Three months ago, I predicted airlines would feel the first pinch of peak oil. They’re pinched and passengers are screaming. My ears are full of complaints from friends who’ve been traveling in the past month. I’ve got to fly in 10 days; I’m not looking forward to it.

The price of oil is creeping toward 80 bucks a barrel, the price of air travel is rising to similar heights. Higher costs mean fewer people making opportunistic trips and the airlines are consolidating flights. If they once had four flights per day between two cities, they may now have two. If you’re on the second flight and you miss a connection, you’ll spend an extra night away from home. Maybe you can book a last-minute seat on another airline or route yourself through a third city and still get where you’re going tonight, but don’t count on it.

The St. Paul Pioneer Press ran an article Sunday on the effect of the price of oil on airlines. Martin Moylan wrote that fuel costs are now the highest single expense for airlines, higher than insurance, higher than labor costs and unlike the other two, no standard of performance or negotiation will bring the cost of fuel down.

Mr. Moylan reports fares were up 11 percent in the first five months of 2006, as compared to the same period in 2005 – but fuel costs were up 30 percent. Airlines based in the U.S. spent $24 billion on fuel in 2004, $33 billion in 2005 and are expected to spend $38 billion this year. A document released by Northwest airlines said the company budgeted fuel costs based on a prediction of oil at $65/barrel for 2006 and $60/barrel in 2007. Good luck with that.

It costs $101,000 to purchase the fuel for a Boeing 747-400’s trip from the Twin Cities to Tokyo. Bad news for the airlines, but for now, good news for the airplane industry. The high cost of fuel means it makes sense for airlines to replace old, inefficient planes with new models. Even at that, the fleets of the six major U.S. carriers have shrunk by 750 jets. The routes those planes flew have either been canceled or consolidated and 167,000 jobs have been cut in the process.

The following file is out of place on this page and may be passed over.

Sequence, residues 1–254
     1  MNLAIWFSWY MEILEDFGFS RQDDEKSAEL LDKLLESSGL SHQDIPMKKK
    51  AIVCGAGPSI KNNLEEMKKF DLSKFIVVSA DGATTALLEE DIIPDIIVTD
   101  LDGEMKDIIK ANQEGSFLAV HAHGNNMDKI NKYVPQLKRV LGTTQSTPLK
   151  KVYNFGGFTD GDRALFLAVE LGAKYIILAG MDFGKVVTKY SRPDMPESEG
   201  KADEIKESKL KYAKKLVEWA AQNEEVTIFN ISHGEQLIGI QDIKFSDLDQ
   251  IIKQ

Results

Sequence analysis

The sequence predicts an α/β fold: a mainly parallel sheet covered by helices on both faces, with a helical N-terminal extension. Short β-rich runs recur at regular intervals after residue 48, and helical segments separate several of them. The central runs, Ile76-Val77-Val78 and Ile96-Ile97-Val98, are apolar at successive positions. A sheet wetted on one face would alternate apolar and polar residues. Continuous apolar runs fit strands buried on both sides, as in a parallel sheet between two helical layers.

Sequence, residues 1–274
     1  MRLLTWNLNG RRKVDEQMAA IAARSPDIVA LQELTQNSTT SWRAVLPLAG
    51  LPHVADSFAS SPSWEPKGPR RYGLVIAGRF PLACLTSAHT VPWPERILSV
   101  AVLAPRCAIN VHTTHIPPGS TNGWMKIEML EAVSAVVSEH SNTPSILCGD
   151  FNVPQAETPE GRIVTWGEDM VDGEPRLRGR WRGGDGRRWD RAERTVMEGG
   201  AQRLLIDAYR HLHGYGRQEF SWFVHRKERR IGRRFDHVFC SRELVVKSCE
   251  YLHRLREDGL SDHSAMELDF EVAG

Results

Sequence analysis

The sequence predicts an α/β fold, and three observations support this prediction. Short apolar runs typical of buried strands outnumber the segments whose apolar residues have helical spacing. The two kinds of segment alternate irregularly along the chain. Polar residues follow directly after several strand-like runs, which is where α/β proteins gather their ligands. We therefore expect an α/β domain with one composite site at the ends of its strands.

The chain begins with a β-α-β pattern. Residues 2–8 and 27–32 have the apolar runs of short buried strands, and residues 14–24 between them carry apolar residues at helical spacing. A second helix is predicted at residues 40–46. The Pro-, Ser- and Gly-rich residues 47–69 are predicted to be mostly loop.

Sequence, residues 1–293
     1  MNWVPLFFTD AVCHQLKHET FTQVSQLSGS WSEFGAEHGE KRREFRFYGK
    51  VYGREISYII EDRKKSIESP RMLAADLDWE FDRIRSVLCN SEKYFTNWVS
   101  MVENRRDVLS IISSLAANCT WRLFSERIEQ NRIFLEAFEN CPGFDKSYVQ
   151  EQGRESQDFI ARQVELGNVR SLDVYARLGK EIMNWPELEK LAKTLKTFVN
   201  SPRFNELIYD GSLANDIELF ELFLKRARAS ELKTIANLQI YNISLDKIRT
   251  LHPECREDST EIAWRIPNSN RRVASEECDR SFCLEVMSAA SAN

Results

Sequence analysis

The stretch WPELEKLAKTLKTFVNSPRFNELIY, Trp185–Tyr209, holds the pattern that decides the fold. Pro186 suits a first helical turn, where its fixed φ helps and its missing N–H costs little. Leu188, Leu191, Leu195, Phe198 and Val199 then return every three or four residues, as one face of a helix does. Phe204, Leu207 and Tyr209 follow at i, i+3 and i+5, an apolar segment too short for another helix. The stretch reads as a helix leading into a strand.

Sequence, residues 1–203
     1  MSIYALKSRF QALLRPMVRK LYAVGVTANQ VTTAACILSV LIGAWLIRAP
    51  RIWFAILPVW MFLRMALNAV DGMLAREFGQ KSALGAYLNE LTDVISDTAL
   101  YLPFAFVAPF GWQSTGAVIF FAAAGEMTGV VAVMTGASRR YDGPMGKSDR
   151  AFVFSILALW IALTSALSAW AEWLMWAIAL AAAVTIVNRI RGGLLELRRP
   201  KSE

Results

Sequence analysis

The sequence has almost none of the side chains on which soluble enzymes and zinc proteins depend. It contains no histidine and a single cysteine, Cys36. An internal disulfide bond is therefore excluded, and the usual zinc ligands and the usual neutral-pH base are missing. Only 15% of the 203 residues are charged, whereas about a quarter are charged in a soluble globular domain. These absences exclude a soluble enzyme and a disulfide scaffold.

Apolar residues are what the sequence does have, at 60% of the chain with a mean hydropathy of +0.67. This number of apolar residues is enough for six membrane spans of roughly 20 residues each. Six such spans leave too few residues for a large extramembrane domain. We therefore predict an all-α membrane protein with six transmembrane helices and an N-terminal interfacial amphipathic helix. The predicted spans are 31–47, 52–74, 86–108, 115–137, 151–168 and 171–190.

Other efficiencies have been found. Planes no longer carry excess water or fuel. Since meals are no longer served on many routes, ovens have been pulled from galleys to lighten the load. Frontier Airline now offers passengers cups, rather than cans, of soda, so fewer cans (and less weight) can be laded on board. Every 25 pounds of weight reduced saves the airline $200,000 each year, at the going rate.

Airlines carried more passengers and more cargo in 2005 than they did in 2000 and they did it with 400 million fewer gallons of fuel. But there’s a limit; conservation will only buy the airlines so much breathing room.

Another tactic some airlines – Southwest in particular – are trying is to “hedge” their fuel costs by locking in prices through advance contracts with fuel dealers. This can be dangerous for an airline if it locks in a certain price for fuel and the price drops before the airline takes delivery. That particular hazard has not materialized in the last two years or so, but to make future purchases, airlines need to have a healthy supply of cash on hand, which most airlines other than Southwest don’t have.

Mr. Moylan’s article appeared in the hometown paper of Northwest Airlines, so he politely didn’t mention something that appears in other articles on the airline industry. Northwest and Delta Airlines are expected to be forced into bankruptcy soon unless the price of oil drops.

It won’t, so expect bankruptcies and mergers between airlines, which will mean fewer flights and more expensive seats. The worst part is that when the airlines fail, we have no adequate ground-based mass transit to replace them.

© Mark Floegel, 2006